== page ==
It does not seem surprising that a search space 2000 times larger results in a substantially longer computation time. Here is a much more direct way to find a solution: Sqrt @ IntegerPartitions[2012^2, {5}, Range^2, 1] {{2011, 63, 7, 2, 1}}

16

Here is a way to make FindInstance work and give you a a few random solutions quickly: Flatten /@ ({a -> #, FindInstance[2012^2 == #^2 + b^2 + c^2 + d^2 + e^2, {b, c, d, e}, Integers]} & /@ RandomInteger[2011, 10]) // Column Your equation can be solved for any Abs[a] <= 2012. Here is an app that let's you browse random solutions for any such ...

16

Is this what you are searching for? a = {-4, 11}; b = {16, -1}; dy = (b[] - a[])/(b[] - a[]); offset = u /. Solve[a[] == dy*a[] + u, u][]; coords = {x, y} /. {Reduce[y == dy*x + offset && x > 0 && y > 0, {x, y}, Integers] // ToRules} (* {{1, 8}, {6, 5}, {11, 2}} *) Graphics[{PointSize[Large], ...

13

You can also use InterpolatingPolynomial with Solve, Reduce or Eliminate: a = {-4, 11}; b = {16, -1}; coords = Solve[y == InterpolatingPolynomial[{a, b}, x] && 0 <= x <= 16&&0<=y, {x, y}, Integers][[All, All, 2]]; (* or *) coords={ToRules[Reduce[ y == InterpolatingPolynomial[{a, b}, x] && 0 <= x <= ...

13

First, one should mathematically analyze the problem. Obviously there are infinitely many solutions of the form {1, y} and {x, 1}, as well as {x,y} where x == y. So we can exclude such solutions from our search. Another point is remembering SystemOptions["ReduceOptions"]. There were questions dealing with them, so I'm not going to discuss these issues here; ...

12

Try : Solve[(x - 1)^2 + (y - 1)^2 + (z - 1)^2 == 49, {x, y, z}, Integers] or Reduce[(x - 1)^2 + (y - 1)^2 + (z - 1)^2 == 49, {x, y, z}, Integers] You can add inequalities as well as : Solve[{(x - 1)^2 + (y - 1)^2 + (z - 1)^2 == 49, x != 1, y != 1, z != 1}, {x, y, z}, Integers]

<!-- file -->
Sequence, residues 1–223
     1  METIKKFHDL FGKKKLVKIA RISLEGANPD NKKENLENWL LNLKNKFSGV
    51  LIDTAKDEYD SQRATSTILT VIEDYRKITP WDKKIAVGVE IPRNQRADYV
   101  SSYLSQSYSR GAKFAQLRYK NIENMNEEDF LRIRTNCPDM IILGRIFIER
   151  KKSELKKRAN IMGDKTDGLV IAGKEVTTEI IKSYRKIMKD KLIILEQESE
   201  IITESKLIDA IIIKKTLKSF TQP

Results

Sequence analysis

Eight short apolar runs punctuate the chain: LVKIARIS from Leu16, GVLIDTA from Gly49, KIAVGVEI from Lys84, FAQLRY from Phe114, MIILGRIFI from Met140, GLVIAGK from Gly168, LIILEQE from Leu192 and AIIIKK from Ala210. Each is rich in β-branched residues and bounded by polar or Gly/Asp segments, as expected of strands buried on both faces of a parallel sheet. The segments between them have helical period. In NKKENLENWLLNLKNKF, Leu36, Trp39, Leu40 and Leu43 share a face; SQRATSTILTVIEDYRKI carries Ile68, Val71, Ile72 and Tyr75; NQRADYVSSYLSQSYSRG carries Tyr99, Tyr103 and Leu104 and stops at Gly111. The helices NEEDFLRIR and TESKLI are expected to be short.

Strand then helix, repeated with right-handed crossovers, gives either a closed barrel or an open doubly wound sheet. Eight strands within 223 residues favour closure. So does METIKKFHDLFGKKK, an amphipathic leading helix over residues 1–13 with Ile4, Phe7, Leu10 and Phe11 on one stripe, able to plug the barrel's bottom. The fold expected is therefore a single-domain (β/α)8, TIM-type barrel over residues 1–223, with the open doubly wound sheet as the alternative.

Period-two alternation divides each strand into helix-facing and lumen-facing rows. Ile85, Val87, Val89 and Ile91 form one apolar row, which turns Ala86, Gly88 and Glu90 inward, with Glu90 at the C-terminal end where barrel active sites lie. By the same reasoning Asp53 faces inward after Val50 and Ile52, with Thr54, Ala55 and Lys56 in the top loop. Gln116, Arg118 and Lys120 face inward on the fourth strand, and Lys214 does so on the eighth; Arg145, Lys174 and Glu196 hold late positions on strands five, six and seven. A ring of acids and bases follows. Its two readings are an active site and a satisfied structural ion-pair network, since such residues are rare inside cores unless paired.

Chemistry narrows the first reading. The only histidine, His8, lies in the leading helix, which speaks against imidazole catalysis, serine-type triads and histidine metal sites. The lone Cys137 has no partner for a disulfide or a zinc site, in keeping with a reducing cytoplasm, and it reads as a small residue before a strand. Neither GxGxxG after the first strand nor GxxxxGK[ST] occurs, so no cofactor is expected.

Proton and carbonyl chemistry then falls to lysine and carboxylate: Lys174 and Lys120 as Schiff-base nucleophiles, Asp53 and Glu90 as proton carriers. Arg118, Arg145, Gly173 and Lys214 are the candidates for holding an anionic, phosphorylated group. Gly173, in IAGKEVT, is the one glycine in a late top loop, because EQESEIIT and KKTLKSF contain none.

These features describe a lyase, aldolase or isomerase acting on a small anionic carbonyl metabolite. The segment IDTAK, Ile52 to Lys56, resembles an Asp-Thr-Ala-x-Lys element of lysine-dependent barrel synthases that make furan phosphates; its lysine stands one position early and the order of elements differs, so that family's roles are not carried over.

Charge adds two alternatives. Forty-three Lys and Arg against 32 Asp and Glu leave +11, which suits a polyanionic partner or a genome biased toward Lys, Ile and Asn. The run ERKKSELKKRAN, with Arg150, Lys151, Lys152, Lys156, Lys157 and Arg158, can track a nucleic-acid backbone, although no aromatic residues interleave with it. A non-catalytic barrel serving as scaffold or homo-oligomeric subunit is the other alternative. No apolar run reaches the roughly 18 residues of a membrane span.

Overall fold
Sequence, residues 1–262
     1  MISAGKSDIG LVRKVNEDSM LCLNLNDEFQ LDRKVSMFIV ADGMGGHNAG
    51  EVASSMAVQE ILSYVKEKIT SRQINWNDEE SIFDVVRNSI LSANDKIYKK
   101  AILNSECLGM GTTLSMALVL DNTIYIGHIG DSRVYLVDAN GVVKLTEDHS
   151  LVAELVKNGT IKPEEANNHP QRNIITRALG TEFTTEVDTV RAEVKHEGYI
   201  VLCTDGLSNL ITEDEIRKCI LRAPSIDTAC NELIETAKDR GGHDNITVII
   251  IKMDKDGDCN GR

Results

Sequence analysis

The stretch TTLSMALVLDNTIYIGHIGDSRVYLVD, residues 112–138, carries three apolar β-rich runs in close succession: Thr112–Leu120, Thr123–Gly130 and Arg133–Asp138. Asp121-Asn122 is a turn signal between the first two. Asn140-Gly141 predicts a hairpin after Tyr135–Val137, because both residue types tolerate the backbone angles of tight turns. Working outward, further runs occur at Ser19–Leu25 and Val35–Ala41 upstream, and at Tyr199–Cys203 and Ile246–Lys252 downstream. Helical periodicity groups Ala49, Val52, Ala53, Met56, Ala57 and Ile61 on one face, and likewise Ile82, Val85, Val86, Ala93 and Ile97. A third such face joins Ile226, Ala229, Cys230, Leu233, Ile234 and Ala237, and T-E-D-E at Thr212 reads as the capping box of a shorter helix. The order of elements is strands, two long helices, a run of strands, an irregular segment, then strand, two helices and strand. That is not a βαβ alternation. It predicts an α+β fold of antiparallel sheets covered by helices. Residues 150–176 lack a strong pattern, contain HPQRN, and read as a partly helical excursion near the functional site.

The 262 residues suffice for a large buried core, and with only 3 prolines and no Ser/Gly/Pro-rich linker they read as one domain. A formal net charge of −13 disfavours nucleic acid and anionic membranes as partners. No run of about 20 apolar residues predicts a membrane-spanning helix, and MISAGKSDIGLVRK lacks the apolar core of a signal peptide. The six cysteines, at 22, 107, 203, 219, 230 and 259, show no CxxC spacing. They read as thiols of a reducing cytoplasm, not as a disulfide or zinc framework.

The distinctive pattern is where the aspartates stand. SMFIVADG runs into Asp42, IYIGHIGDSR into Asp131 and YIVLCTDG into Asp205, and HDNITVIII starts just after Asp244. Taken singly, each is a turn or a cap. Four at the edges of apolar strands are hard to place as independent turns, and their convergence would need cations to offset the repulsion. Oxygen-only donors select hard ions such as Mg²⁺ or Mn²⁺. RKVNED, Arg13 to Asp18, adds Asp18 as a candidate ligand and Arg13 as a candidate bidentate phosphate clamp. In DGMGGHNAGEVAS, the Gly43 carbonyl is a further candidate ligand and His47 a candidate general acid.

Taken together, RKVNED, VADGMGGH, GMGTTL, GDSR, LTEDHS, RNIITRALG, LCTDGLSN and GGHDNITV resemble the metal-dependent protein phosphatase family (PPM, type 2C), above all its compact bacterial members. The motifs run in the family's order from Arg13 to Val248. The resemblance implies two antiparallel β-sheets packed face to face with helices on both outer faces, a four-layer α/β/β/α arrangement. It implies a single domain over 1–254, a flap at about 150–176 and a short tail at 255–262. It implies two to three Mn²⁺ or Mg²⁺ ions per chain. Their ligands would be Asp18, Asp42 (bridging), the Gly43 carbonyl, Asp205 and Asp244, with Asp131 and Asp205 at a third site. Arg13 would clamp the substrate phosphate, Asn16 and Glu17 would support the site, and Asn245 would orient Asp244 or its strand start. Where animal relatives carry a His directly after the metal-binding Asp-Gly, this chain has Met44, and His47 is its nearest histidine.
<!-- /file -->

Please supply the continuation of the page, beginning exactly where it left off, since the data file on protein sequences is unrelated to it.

12

A concrete example would be helpful. Here is a simple way to count solutions, illustrated by example. Generate random set of smallish positive integers. nlist = Union[RandomInteger[{8, 80}, 12]] (* Out= {9, 16, 19, 35, 41, 42, 58, 59, 68, 74, 78} *) Form a product of binomials. prod = Times @@ (1 + x^nlist) (* Out= (1 + x^9) (1 + x^16) (1 + ...

11

This should work: sols = Solve[{2*x + 3*y + z == 100, x > 0, y > 0, z > 0}, {x, y, z}, Integers]; Length@sols

11

I took it as a challenge to avoid using Solve, which can be slower than a direct assault. If $a$ is the first number in the sum of consecutive positive integers, and $k$ is the count of integers summing to $n$, then $n=k*a+k(k-1)/2$. Solve this for $a=n/k-(k-1)/2$, with bounds $1 \le k \le {\rm Floor}[(\sqrt{8n+1}-1)/2]$. Consider the odd and even divisors ...

10

YAW: Yet Another Way. FindInstance seems created for such tasks: Let m = number of men, w = number of women, b = number of babies. FindInstance[{2 m + (3/2) w + (1/2) b == 20, m + w + b == 20, m >= 0, w >= 0, b >= 0}, {m, w, b}, Integers, 10] (*{{m -> 0, w -> 10, b -> 10}, {m -> 2, w -> 7, b -> 11}, {m -> 4, w -> 4, b -&...

9